F I R S T P E R S O N
From: Carolyn Howard-Johnson
Beating Time At Its Own Game
Life Begins With Cancer
The day after my biopsy, my husband and I drove to Las Vegas on a business trip, never thinking about possibilities. We stopped at the state line for a ride on the giant Ferris wheel. We shelled giant prawns for lunch at the Stardust buffet. We slid quarters into a slot machine—the old fashioned kind I like with spinning cherries that will surely triple my money and spill the winnings into a silver trough.
That was not a bad approach at the time. There is no reason to assume the worst, to project abject possibilities that may never come to pass onto the present. Denial is sometimes very useful. On the other hand, it often keeps one from examining one’s own behavior, one’s own motivations. I share this anecdote because it illustrates how thoroughly denial had become entrenched in my life.
I was raised in times that were not easy for women. Most of the barriers I faced were ones that couldn’t be seen nor acknowledged because I didn’t know they were there. They crept up silently on padded feet and, if I sensed them at all, I choose not to turn and face them.
This faculty for denial was intact and very healthy when I was diagnosed with cancer. By 3 p.m. that day, the picture was not so jolly. We had to return home so I could begin autogenous blood donations. The risk of AIDS in the blood supply was still high; my doctor believed that we should have my own blood on hand in case it was needed.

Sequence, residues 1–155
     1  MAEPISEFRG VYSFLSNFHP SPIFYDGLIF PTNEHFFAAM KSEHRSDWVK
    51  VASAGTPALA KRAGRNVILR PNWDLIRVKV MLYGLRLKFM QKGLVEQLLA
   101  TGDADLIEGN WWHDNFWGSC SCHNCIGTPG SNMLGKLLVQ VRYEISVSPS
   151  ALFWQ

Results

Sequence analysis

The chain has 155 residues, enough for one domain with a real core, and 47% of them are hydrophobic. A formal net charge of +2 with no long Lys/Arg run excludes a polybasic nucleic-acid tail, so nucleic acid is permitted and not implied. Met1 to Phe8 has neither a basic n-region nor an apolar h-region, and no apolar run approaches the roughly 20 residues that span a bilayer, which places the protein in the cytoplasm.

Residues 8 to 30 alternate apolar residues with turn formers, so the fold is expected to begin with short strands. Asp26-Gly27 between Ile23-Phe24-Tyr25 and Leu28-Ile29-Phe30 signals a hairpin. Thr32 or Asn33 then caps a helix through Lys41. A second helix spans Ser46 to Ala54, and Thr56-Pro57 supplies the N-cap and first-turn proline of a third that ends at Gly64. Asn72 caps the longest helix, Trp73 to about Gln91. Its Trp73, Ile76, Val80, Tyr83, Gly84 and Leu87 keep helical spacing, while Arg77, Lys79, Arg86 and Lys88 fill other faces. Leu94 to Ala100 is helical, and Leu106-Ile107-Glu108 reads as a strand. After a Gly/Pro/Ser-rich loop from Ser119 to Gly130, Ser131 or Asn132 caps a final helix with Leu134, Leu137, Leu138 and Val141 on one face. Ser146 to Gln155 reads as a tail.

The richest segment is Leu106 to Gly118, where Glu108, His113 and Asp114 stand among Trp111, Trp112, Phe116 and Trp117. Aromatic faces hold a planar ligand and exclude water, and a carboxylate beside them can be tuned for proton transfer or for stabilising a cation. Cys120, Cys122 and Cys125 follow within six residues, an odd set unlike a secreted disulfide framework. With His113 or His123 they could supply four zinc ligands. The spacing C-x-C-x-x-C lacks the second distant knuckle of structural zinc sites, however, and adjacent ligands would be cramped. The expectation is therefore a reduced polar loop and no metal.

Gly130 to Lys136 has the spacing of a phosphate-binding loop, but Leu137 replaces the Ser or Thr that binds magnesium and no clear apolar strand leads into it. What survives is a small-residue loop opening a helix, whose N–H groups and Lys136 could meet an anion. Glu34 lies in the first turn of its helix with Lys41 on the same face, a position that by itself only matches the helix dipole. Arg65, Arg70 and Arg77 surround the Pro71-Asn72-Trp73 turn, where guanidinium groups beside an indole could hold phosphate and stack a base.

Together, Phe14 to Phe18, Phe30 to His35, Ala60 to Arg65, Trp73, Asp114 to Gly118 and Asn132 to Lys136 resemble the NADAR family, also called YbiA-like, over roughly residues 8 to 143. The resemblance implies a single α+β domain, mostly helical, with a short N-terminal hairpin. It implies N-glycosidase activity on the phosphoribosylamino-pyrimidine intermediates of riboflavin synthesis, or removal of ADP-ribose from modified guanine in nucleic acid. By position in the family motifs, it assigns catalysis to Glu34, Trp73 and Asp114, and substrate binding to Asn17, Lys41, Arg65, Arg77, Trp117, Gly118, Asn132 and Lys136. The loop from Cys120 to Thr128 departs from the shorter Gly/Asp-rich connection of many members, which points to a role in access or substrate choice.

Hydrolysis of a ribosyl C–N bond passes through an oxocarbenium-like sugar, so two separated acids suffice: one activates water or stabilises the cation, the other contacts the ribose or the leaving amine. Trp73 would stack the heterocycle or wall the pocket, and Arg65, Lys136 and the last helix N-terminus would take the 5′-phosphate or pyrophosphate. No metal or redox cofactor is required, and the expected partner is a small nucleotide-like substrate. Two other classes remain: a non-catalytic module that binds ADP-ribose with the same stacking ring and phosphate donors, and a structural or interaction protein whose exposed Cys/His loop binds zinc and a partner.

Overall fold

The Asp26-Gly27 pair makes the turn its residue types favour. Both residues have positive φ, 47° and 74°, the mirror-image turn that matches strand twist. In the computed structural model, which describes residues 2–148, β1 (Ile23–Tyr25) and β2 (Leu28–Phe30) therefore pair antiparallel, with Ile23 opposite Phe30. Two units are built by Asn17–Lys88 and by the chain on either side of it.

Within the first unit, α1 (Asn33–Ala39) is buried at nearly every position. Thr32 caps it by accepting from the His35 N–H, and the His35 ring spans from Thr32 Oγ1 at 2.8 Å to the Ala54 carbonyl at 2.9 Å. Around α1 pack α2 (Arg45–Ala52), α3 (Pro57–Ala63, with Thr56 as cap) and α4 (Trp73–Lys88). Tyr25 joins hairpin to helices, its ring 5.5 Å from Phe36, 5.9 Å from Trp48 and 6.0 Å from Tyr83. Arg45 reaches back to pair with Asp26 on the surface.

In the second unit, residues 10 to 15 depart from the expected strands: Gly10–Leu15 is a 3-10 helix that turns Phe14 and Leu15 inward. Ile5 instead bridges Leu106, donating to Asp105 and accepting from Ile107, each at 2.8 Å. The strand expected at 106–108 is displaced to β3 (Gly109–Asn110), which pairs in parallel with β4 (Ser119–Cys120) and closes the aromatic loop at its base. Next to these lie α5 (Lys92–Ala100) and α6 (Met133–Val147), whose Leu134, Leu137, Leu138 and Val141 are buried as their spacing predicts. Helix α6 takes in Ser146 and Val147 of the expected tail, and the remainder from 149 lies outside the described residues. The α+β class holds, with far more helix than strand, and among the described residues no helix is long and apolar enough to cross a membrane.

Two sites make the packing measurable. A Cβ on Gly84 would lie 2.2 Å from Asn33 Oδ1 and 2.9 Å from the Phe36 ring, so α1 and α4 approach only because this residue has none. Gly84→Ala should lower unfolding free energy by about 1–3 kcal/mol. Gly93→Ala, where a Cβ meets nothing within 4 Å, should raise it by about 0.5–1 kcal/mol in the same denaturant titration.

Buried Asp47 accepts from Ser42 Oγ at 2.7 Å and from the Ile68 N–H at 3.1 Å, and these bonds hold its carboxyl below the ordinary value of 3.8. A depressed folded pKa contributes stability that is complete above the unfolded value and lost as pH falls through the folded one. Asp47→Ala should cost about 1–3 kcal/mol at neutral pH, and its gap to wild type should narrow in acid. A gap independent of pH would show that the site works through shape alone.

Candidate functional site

My first reaction was true to pattern. I reassured myself that everything was going to be just fine, that I wasn’t nervous, that cancer was not a terrifying word. Unfortunately, my doctor had not sounded especially positive when he demanded that we set a surgery date in that moment, over the phone.
My husband was also up to the task. “We won’t work today. We’ll just take off, have some fun and drive back tonight.” We were two peas in a pod. We’d both try anything other than just saying, “Gee, I’m scared.”
I almost went along with that plan. Instead, I used the time on the open road to meditate. In that time, I realized—sort of knew at a cellular level —that I had to do more than donate blood to myself and that cancer doesn’t just happen.
Don’t get me wrong. I don’t believe those of us who have it are being punished but I do believe that it follows those of us who haven’t taken care of our own needs. The way we relate to ourselves, more than the way we relate to the world, is a factor in our illness, or for that matter in our health. When I tried to excuse myself out of those thoughts, that was only another indication that I needed to look through the glass in my kaleidoscope one more time—at its fragmentation as well as its beauty—and to make sense of the patterns I saw there.
I began to read. At first I chose books that helped me deal with my fears. My favorite is Love, Medicine and Miracles, by Bernie Siegel, M.D. I also liked some of the practical skills offered by Louise Hayes in her books. I read books on how to deal with grief. Even though most of them explored grief that follows death, the understanding of it and the coming to terms with it are the same whether we are grieving for a lost parent or pet or career or health.